2. Carol Cumbie says:

    Those people have no problem sleeping at night. They justify it in there sick minds.To many of our colleges are places where terrorist ,perverts work Where they know they can get away with this behaviour once they are tenure. They go after young girls who think it is great that someone like that is paying attention to them. Our colleges are breeding grounds for this kind of behaviour.

  3. Be careful before you succumb to the left's tactics of convicting people in the media. You don't know the whole truth yet. Both of my children have gone to Penn State. They're outraged and sick over the crimes but also supportive of Paterno. My eldest daughter found this commentary…

    • MarkAmerica says:

      Keith, that's an interesting perspective, and you're right about convicting people in the media. The problem is that he reported this to Curley, rather than to the police directly. People have mentioned the "chain of command." This isn't the Army, and even in the Army, when reporting a serious crime, it's the one time going around the chain of command can be permissible. As I said, this is my problem in all of this. In fact, if one of my subordinates witnesses something like this, and reports it to me, I'm driving him to the cops to make sure he makes the report directly.

      This is one of the problems with the notion of a "chain of command" in a non-military context: It has no bearing on an instance like this. Timely reporting is more important in such a case than any formalities in the organization, and that's where Joe failed IMO.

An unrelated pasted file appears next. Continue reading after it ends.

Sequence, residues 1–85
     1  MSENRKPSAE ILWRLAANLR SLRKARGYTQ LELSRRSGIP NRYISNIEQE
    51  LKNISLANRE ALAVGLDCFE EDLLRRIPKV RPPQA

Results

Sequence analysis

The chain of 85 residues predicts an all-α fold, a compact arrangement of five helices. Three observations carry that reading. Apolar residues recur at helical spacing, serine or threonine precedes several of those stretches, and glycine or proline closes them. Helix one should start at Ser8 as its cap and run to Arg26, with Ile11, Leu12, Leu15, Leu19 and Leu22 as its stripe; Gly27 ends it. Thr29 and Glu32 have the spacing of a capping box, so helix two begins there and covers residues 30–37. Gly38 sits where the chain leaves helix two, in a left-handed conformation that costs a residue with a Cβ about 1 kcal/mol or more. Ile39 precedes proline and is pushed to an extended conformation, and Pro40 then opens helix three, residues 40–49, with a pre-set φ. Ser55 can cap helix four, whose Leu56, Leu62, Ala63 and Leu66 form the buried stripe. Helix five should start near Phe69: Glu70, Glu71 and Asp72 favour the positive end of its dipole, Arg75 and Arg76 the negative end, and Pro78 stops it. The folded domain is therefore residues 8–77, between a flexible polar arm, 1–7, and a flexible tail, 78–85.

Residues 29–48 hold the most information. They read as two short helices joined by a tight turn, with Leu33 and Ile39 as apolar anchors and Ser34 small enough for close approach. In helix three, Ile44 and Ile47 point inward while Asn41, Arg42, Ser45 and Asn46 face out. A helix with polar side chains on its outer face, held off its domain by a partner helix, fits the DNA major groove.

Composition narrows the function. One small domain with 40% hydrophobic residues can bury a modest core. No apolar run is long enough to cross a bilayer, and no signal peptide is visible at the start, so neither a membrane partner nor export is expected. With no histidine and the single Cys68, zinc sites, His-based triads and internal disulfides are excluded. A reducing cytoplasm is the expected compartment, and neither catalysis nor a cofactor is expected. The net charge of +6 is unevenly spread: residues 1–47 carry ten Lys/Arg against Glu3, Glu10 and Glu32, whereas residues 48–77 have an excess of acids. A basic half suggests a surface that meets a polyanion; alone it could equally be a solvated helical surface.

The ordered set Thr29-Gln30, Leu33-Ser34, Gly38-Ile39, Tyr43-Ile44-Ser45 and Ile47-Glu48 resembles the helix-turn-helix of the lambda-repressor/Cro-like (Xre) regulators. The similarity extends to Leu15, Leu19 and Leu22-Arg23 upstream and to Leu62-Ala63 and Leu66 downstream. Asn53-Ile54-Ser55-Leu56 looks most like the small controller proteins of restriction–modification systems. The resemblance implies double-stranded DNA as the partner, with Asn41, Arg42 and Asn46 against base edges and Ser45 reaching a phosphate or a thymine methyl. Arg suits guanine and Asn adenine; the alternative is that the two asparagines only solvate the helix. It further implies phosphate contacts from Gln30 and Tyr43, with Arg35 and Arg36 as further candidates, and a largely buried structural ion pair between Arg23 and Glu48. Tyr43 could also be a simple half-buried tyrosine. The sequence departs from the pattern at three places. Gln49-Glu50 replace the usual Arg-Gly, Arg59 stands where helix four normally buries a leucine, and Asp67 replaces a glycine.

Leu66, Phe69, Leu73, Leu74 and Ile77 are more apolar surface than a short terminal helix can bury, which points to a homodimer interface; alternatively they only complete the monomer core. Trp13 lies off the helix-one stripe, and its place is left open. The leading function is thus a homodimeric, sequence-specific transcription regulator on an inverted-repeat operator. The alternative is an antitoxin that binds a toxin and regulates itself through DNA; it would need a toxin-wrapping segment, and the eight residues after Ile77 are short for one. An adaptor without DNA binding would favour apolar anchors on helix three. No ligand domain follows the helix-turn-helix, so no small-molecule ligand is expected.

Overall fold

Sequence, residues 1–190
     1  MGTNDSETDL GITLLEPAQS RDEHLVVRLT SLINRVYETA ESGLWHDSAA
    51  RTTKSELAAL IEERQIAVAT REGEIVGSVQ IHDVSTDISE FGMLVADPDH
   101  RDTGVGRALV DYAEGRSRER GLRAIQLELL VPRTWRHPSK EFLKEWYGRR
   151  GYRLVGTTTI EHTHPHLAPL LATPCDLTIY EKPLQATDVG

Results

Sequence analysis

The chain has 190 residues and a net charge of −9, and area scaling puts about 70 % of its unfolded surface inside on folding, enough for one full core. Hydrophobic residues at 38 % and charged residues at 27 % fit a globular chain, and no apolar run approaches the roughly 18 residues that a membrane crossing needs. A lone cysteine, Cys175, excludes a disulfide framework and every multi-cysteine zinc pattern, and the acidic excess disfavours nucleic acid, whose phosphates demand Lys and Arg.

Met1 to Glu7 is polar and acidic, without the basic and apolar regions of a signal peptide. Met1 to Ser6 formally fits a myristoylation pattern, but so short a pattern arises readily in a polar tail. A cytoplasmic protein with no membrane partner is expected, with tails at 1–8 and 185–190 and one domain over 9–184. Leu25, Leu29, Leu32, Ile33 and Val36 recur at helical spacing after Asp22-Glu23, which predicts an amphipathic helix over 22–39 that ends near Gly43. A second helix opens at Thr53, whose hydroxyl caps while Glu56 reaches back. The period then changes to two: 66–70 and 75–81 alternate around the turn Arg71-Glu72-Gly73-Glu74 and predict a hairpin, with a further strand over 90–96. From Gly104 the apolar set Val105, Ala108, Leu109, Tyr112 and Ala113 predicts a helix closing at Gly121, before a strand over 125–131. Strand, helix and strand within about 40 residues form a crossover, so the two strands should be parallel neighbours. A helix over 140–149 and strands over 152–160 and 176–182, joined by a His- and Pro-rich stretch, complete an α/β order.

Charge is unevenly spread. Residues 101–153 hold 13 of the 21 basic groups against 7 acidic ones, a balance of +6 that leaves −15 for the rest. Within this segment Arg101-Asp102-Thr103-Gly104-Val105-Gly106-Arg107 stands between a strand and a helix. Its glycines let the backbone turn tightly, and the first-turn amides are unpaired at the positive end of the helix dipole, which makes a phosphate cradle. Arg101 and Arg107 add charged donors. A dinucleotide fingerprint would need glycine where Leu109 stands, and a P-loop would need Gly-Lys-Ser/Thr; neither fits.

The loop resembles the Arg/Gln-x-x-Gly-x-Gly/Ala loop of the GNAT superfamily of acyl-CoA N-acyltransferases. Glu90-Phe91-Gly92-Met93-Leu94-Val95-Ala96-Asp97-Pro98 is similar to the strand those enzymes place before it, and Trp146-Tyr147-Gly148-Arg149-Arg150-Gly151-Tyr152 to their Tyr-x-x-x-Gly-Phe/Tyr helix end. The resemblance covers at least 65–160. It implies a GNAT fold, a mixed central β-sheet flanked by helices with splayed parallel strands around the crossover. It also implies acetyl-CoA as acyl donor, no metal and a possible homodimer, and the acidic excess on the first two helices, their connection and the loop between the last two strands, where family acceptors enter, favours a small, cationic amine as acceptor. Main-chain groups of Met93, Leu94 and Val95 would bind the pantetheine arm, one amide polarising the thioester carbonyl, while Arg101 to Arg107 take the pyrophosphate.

• Doc Brodsky says:

        Excuse me but Paterno reported it to his "superiors"?
        Can anybody argue with a straight face that the athletic director was Paterno's "superior"?
        Could the A D have fired Paterno at his own will? Could Paterno have had the AD fired? Not even a close call, he could.
        If Paterno told the A D to jump the response would be how high?
        I didn't realize until the Pedophile State University students riot just how powerful Paterno had become there.
        Even at the bitter end he was telling the Board of Trustees how
        and when he would depart;; nobody expected the BoT to act, hence the riot.
        He was a god a PSU.
        And where was the child rapist's wife.
        She's mentioned in the Grand Jury report as being present when the little boys were around on numerous occasions.
        She knew he was having the kids stay over in a basement bedroom.
        She never noticed the rapist slithering out of bed on his nocturnal missions to his own private " Bangkok in the basement"?
        I guess she's a heavy sleeper.

    • Tracy says:

      How in the world can anyone be supportive of Paterno. Anyone who didn't go to the authorities when finding out about this is just as guilty as the perpetrator.

  4. Don Purser says:

    Very well stated Mark and I'm in 100% agreement. Any and every head culpable in this sordid mess should roll.

  5. dnr says: